You would think that the big news in Martial Arts would be the legalization of MMA in New York after over a decade of struggling to do so. That is big news but I talked about that a few weeksa ago and didn’t intend on relaying any more of the message I already sent. So what was interesting to me in the world of Martial Arts this week? Well, it is a story where the video has over a million YouTube hits. It is the video of a 68 year-old woman who was approved and fought an MMA bout. That is crazy! 68 years old? Most 68 year olds have serious problems getting out of bed. While your average senior is planning her latest bus trip, Ann Perez de Tejada, the woman I mentioned before, is stepping into the cage and mixing it up.
First, the logistics. In February she put on her MMA gloves and fought her first opponent who was 24 year-old Laura Dettman by the way.
She was quoted as saying, “What matters is what you can do. If you can move like a young person or have the skills, then age doesn’t matter.“
There are people in their 30s sitting on the couch who say ‘I can’t play soccer because I am getting old.’ They say it like they take pride in it, but it’s a bad thing. If you think you are getting old, then you will.”
It was hard to find a fight for the senior citizen. The main reason was that her opponents didn’t have anything to gain by fighting her. It was sort of a lose-lose situation. If they lost, then they lost to a much older opponent which made them look bad. If they won, they beat a person whose age would be considered elderly. Believe it or not, Tejada is the oldest woman to compete in mixed martial arts, but not the oldest person on record. That distinguished honor belongs to the late John Williams of Canada. He was 70 when he competed back in 2010.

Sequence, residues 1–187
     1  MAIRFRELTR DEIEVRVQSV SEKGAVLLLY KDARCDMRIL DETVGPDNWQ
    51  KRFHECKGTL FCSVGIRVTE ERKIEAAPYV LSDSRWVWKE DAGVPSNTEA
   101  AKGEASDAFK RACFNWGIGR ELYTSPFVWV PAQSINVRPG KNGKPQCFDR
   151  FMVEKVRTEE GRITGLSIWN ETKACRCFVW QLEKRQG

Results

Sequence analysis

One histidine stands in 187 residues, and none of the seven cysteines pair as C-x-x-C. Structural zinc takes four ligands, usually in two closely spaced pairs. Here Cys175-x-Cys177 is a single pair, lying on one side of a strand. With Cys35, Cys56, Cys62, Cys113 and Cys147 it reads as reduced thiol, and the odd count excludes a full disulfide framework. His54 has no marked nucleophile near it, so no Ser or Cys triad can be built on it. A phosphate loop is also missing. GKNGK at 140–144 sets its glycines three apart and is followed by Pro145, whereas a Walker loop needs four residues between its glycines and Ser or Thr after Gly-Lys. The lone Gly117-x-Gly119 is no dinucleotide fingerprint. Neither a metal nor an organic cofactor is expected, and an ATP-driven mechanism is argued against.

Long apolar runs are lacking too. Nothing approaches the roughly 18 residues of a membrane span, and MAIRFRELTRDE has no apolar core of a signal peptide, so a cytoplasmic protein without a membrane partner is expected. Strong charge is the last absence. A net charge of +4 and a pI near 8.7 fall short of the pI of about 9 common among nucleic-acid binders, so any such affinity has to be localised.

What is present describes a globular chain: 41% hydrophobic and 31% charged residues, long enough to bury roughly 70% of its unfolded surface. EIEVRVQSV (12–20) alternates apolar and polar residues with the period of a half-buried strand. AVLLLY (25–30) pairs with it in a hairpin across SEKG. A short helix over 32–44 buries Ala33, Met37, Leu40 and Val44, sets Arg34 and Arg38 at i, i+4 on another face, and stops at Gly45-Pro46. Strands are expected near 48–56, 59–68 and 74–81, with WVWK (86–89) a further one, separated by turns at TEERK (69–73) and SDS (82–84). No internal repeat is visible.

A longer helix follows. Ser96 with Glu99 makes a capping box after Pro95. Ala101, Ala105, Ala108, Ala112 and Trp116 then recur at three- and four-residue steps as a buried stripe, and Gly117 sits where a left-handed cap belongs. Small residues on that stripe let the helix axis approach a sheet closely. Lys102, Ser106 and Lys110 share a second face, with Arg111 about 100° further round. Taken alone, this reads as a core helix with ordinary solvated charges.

Before he passed away, he was a hero of Perez’s. She contacted Williams seeking his advice. This is what she said about that, “He told me, ‘Be prepared for a long and hard struggle,'” Perez said, meaning that people would make it hard for her, including not being willing to step into the cage to fight her for the main reason I mentioned earlier. Perez ended up looking for an opponent for about three years. In her own words, “A lot of people thought they didn’t have much to gain by beating me, but they don’t want to lose,” Perez said. “[Dettman] was great that she took the fight.”
The struggle doesn’t end there though, if you have seen all of the Rocky movies, you know that athletic commissions ultimately decide who can fight and who can’t with the issuance of a license that allows fighters to participate in sanctioned shows. A person’s experience, current health, skill level, and medical history all play a role in who gets a license. Medical tests are required and must be passed in addition to the history. To get the green-light on competing, the 115-pounder had to get approval from doctors as well as the Colorado Boxing Commission. She came up short in her debut at the Sparta Combat League in Denver, losing by a referee-stoppage TKO in the first round, when Dettman got in a full mount position and unleashed a ground-and-pound that would end the fight.
In conclusion to this amazing story, I would like to say that if Perez had a goal to simply compete, she won. If her goal was to gain respect, she won. If here goal was to get a little famous, she won. If her goal was to break a record, she won. I guess my point is, that as long as her goal wasn’t to win, she won. Weird to say, but coming from a former fighter, winning was not always the goal, just a great consequence to hard work.